EU and CELAC include Malvinas dispute in joint statement

Argentine officials say this is the first time the EU has included a mention to the disputed islands

Leaders of the European Union and the Community of Latin American and Caribbean States (CELAC, for its Spanish initials) referred to the dispute between Argentina and the United Kingdom over the Malvinas Islands, highlighting the importance of a “peaceful solution” to the issue, in the closing statement of their two-day summit. It is the first time the EU has included the dispute in a closing declaration at an international forum.

The UK refers to them as the Falkland Islands, but this name is strongly contested by Argentina.

Heads of state and top officials from EU and CELAC countries gathered this week at a summit in Brussels on July 17 and 18 to discuss key issues on relations between Europe and Latin America and the Caribbean, among them climate change, the energy transition and the possibility of investments and bilateral agreements. 

“Regarding the question of sovereignty over the Islas Malvinas / Falkland Islands, the European Union took note of CELAC’s historical position based on the importance of dialogue and respect for international law in the peaceful solution of disputes,” reads point 13 of the statement released following the two-day summit this week in Brussels. 

The text, formally the Declaration of the EU-CELAC Summit 2023, also said that EU and CELAC leaders are committed to the principles enshrined in the Charter of the United Nations, “including the sovereign equality of all States and respect for their territorial integrity, and political independence, resolution of disputes by peaceful means and in conformity with the principles of justice and international law.”

Argentine Foreign Affairs minister Santiago Cafiero said that the joint statement is “a new calling from the international community towards the UK that it comply with its obligation to reinitiate sovereignty negotiations with Argentina,” and reiterated the Argentine government’s expectations of deepening dialogue with the EU regarding the Malvinas issue.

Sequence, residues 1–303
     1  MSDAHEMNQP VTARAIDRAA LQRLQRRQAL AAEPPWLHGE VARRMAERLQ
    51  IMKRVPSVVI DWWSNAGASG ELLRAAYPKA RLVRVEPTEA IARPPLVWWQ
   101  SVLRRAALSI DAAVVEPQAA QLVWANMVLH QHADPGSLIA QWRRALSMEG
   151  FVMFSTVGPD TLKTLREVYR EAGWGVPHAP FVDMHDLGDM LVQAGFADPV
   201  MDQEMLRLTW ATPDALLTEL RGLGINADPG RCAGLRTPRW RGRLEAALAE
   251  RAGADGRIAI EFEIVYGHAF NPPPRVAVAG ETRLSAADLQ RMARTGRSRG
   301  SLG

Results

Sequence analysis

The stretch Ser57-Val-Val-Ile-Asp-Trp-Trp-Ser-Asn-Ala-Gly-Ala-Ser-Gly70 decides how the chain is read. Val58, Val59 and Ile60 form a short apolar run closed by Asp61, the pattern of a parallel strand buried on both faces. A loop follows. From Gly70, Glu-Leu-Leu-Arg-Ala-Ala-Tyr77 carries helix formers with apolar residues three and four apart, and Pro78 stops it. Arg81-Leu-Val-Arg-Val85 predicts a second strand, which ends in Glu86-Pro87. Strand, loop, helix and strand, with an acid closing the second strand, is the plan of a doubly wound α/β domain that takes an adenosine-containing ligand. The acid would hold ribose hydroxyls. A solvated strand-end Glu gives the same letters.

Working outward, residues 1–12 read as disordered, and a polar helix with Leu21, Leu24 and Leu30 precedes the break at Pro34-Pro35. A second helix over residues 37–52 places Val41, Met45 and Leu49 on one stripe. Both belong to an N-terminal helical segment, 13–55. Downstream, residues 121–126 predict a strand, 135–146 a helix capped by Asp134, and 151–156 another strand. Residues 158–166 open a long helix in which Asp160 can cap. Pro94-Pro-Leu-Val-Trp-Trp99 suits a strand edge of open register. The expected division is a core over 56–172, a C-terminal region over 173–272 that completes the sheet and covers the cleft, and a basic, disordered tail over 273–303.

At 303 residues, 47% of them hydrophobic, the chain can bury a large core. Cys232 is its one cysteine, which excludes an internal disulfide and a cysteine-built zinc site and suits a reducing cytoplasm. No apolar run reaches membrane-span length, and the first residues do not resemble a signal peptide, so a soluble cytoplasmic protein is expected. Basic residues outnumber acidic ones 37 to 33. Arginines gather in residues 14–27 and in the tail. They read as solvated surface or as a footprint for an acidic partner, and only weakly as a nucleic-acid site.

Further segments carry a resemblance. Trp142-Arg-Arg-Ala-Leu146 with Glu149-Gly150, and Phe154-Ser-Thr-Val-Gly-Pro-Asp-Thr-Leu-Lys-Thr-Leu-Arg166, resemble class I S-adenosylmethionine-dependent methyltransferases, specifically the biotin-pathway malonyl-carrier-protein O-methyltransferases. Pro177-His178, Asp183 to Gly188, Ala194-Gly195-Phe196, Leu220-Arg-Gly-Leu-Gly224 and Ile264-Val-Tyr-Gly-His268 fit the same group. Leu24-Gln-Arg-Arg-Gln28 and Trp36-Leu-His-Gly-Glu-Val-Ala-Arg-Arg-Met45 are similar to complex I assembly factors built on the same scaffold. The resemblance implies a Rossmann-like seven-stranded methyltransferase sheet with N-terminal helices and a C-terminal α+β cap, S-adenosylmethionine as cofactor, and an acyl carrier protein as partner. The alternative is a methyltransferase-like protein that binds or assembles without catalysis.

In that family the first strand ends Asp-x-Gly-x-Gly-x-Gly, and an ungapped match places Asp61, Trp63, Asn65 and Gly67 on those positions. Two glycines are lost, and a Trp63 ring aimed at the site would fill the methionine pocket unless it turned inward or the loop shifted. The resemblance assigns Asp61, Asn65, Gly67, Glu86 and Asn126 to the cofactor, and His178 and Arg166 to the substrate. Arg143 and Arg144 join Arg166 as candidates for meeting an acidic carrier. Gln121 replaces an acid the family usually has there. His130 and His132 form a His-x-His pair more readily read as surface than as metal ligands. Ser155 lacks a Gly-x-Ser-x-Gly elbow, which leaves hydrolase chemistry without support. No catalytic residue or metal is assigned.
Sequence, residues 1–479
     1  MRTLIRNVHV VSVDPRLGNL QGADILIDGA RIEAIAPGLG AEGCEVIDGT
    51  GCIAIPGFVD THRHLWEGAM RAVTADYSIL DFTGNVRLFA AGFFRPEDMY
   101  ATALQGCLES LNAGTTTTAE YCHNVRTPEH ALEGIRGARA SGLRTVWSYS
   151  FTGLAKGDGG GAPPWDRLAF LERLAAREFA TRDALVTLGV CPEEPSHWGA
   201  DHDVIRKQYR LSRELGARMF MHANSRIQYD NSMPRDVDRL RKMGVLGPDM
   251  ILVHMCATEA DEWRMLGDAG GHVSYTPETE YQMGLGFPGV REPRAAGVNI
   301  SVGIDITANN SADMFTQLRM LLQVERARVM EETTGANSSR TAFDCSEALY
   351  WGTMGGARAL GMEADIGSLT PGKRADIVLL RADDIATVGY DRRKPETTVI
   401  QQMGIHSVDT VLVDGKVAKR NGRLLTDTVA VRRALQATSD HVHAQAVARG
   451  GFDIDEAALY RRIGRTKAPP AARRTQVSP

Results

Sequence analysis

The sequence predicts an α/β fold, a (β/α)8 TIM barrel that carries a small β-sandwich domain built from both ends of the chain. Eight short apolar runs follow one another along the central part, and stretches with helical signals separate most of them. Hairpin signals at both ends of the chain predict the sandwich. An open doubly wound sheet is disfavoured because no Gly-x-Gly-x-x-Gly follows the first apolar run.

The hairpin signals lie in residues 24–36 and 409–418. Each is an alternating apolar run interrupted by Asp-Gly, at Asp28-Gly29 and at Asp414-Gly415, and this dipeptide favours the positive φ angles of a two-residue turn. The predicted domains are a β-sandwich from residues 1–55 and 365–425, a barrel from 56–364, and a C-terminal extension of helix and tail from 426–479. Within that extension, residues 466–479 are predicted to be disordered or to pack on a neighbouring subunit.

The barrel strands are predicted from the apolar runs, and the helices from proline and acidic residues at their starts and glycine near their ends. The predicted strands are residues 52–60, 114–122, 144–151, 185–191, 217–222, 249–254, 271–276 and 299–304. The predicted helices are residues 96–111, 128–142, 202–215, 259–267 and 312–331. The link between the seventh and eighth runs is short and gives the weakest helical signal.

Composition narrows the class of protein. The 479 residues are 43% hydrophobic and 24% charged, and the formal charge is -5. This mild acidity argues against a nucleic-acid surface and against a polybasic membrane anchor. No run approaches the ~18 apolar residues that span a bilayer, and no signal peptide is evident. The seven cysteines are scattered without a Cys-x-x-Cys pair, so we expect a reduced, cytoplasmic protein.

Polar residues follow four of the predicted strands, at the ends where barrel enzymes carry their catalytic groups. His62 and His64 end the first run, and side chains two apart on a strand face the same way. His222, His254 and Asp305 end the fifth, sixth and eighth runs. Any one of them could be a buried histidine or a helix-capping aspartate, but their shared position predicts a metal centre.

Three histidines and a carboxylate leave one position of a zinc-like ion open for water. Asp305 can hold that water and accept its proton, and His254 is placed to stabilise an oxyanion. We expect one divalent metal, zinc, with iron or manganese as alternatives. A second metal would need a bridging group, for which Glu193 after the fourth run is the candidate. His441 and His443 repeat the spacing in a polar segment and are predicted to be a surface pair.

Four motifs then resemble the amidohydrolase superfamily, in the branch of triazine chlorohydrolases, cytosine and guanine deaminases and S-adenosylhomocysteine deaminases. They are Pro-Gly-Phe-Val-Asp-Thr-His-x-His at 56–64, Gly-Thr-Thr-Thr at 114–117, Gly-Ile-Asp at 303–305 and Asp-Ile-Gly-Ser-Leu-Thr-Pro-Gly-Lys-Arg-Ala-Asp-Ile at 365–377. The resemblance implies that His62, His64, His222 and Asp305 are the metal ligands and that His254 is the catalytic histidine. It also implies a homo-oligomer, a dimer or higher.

Guillermo Carmona, Malvinas, Antarctica and Southern Atlantic Secretary of the Argentina government, told news agency Télam the pronouncement was “highly important, as it is the first time [the EU] mentions the issue of Malvinas.” 

According to Carmona, until 2021, the EU considered the Malvinas Islands, South Georgia, and the South Sandwich Islands (territory the UK also claims as its own) as EU overseas territory, and its hesitance to address Argentina’s sovereignty claims started to thaw after the UK left the European Union in 2020.

The Argentine government official also said that the British government tried to intervene once it learned that the EU-CELAC leaders were considering mentioning the Malvinas dispute. “They were very active and pressured for it to be left out,” he said to 530 AM Radio station.

Contacted by the Herald, a spokesperson for the British Foreign Office said that the UK’s position is to “continue defending the Falklands’ right to self-determination in all international forums.”

“The Falkland Islands have made clear their wish to remain British and it is for them alone to decide their future. This is a position supported by international law and the UN Charter, which is binding on all UN members. All countries should recognise the right of the Falkland Islanders to decide their own future”, they said. 

Argentina’s position is that the self-determination argument cannot be applied to the situation in the Malvinas because the UK has occupied the territories, and thus has long controlled migration to and from the islands.

Editorial disclaimer

Although the UK refers to the territory as the “Falklands Islands,” Argentina strongly contests this name. The Buenos Aires Herald refers to the islands as the Malvinas Islands.


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